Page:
One of the most annihilating feelings is to be misunderstood. For people with anxiety, who already feel alienated and afraid of so much, being perceived as negative is especially confounding and isolating. In all my years of being a human being, there has never been a girl or woman to ever–to my face, at least–call me negative.
Men, not all--obviously, seem to register anxiety as negativity or complaining. My guess is that their inclination is to fix problems by offering solutions and when the anxious person remains anxious, even after the solutions are proposed, men can’t help but mistake the continued ruminating for complaining, which to them feels negative. This is totally valid, but it’s not what’s going on.
It’s not difficult to identify anxious thinking once you know what to look for. When someone repeats the same worries on a loop, and the solutions you offer are tossed aside, you are dealing with an anxious person. Ask yourself if they’re in a time of stress. Do they have a book coming out? Then they’re fucking anxious. Are they moving, having to take a plane, starting a new job, going on a first date? ANXIOUS ANXIOUS ANXIOUS. Yes, it can be annoying to be around an anxious person. But, instead of doing what you’ve always done, why not try a different tactic. Next time, say: “You know what? I just realized you might be anxious, and it’s not solutions you need, but reassurance.” If you say that, you will be the most ideal human anyone has ever met.
Anxious people are constantly scanning for danger, and in so doing, train their brains to pay attention to possible threats. Because we fear uncertainty, anything ambiguous reads to an anxious brain as dangerous. Something positive is understood as positive, but we’re on the lookout for danger, and that’s where we get stuck. Anything that an anxious person finds anxiety-producing is something they’re afraid will hurt them. All human beings are hard-wired with a negative bias, but anxious people seem to have gotten a larger dose. This doesn’t mean we’re negative (just as non-anxious people aren’t instantly negative because they too have a negativity bias) it just means that our hypervigilance to things we fear is our loudest channel.
While many understand that people get anxious when outside expectations are placed upon them, anxiety has other expressions. Something happens when an anxious person has–against a lot of odds–met or exceeded their expectations and the world overlooks their achievements. This type of anxiety manifests as a focus on absence, on not being included. For instance, when LITTLE PANIC came out, I was hyper-aware of all the other memoirs about mental health and illness that were getting the attention I wanted for my book. When literary blogs would list the 50 summer books they were most excited for and mine wasn’t on any of those lists, I didn’t simply feel excluded, I honestly worried that no one saw my book, or even knew that it came out. Anxiety makes us believe that being ignored is akin to not existing. Often people with anxiety disorders grow up feeling invisible because they suffer from an invisible illness, and the core of their true suffering is often ignored. Anxiety gets attached to this reaction pattern, and so we treat the world as though it’s ignoring us also.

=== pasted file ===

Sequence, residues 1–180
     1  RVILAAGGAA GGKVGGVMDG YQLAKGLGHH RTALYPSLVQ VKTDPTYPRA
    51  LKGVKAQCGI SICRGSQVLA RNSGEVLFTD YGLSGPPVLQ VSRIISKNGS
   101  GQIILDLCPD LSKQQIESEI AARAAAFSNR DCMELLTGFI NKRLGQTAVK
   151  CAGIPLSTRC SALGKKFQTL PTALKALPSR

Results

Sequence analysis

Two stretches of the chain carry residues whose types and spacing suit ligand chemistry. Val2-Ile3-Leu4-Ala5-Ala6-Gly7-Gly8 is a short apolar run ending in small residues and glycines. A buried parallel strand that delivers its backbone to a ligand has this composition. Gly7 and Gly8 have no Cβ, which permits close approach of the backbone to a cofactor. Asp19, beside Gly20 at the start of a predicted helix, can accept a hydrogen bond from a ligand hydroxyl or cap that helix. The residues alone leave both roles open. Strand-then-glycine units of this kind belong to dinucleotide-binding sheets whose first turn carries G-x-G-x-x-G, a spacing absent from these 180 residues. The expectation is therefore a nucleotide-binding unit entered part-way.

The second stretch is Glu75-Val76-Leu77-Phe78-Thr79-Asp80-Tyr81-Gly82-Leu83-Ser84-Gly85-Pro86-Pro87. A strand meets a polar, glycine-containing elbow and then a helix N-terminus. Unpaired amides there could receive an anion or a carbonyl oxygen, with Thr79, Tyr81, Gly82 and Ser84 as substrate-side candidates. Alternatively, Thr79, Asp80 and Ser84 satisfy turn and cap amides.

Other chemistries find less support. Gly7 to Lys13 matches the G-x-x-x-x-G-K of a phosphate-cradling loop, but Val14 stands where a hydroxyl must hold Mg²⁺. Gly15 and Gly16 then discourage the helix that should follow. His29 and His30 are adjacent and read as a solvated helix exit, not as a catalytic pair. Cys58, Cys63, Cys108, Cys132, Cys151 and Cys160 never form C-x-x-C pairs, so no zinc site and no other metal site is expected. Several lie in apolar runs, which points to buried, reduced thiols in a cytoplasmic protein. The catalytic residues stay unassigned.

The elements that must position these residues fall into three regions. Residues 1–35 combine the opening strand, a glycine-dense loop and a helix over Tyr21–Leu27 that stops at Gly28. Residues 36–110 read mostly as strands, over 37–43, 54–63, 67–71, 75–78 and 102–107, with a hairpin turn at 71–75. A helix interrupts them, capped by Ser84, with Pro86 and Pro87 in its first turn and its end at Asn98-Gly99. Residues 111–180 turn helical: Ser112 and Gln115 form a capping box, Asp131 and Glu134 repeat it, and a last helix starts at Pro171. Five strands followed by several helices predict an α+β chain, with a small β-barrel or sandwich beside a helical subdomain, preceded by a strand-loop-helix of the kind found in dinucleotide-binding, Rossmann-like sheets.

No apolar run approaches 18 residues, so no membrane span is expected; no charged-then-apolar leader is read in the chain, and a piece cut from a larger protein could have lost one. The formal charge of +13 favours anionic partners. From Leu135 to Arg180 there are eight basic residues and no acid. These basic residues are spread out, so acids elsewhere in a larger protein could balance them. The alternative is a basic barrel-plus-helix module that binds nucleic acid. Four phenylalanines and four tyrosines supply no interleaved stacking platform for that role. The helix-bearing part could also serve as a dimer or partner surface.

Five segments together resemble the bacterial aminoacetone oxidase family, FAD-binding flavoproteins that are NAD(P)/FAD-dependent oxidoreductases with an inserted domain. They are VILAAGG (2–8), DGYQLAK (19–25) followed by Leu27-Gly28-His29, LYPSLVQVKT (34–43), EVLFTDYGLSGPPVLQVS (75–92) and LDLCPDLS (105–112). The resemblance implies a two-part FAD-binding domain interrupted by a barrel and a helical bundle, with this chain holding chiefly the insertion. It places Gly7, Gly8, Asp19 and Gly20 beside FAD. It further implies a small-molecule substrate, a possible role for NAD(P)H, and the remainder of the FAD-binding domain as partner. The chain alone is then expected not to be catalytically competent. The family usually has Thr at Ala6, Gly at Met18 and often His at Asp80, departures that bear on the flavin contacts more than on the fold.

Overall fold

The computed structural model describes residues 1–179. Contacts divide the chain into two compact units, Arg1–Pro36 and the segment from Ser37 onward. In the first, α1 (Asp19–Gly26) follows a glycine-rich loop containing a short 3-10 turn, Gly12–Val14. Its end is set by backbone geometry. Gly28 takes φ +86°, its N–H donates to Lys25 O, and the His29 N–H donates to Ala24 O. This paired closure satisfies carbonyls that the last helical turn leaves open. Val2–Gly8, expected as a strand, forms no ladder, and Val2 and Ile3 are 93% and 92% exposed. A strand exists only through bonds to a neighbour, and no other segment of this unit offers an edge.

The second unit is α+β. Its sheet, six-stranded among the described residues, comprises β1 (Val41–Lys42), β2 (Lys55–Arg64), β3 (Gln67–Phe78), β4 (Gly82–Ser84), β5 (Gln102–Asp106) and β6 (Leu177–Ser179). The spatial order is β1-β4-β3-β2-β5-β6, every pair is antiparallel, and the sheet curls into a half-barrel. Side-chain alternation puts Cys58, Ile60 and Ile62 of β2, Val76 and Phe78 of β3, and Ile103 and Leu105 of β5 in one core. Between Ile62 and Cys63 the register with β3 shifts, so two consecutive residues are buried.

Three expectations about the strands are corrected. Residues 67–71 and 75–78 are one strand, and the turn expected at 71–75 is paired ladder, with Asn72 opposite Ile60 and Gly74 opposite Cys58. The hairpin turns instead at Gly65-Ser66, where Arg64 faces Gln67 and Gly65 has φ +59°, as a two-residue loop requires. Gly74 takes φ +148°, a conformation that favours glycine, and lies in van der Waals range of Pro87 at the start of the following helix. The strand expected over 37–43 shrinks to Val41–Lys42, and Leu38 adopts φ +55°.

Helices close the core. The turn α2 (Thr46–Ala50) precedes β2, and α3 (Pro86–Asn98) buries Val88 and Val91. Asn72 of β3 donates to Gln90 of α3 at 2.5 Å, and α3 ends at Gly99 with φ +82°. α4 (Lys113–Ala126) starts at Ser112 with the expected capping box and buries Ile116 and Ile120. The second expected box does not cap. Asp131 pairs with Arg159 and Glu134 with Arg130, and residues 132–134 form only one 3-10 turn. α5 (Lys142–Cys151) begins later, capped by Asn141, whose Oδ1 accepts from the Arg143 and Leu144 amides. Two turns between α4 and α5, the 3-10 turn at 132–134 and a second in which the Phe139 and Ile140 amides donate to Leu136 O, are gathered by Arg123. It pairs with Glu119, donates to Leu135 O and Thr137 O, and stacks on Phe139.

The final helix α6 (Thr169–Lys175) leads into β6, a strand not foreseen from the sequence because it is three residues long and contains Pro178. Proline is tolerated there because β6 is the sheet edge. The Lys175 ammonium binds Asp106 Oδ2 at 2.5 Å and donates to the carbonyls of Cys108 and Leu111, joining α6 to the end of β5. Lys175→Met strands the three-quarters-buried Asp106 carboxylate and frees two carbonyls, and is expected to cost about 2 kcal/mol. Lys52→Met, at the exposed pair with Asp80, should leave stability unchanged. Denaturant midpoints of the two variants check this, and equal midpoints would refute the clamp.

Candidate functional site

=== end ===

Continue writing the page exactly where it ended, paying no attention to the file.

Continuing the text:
When I was left off of lists I felt invalidated and ignored. It’s not that I felt entitled to be on any lists, it’s that the absence of recognition confirmed my deep-rooted fears that I wasn’t a person to ever take seriously, that no one would ever actually SEE me. The frustrating thing for those who suffer from anxiety, and for the people around them, is that an anxious person is often unable to take in the positive things, and focuses instead of the negative things, which, in turn, is construed as negativity, but it’s not. It’s a reliance on a deeply developed pattern of receiving information and protecting the self from being exposed as a failure. People are deeper and more complicated than you realize. Just because you think a person is complaining and negative doesn’t mean that they are.
Anxiety in action is an obsessive rumination. When you are having an anxiety attack, you get trapped within a closed spiral of thinking, and you have a tremendously hard, if not impossible, time focusing on anything else. In certain circumstances, all we really need is reassurance that we are seen, heard, visible and valued.
So, next time you think someone is being negative, take a second and ask yourself if there’s a chance you might be wrong. Ask yourself if this person has a reason to be anxious. Most likely, the answer is yes.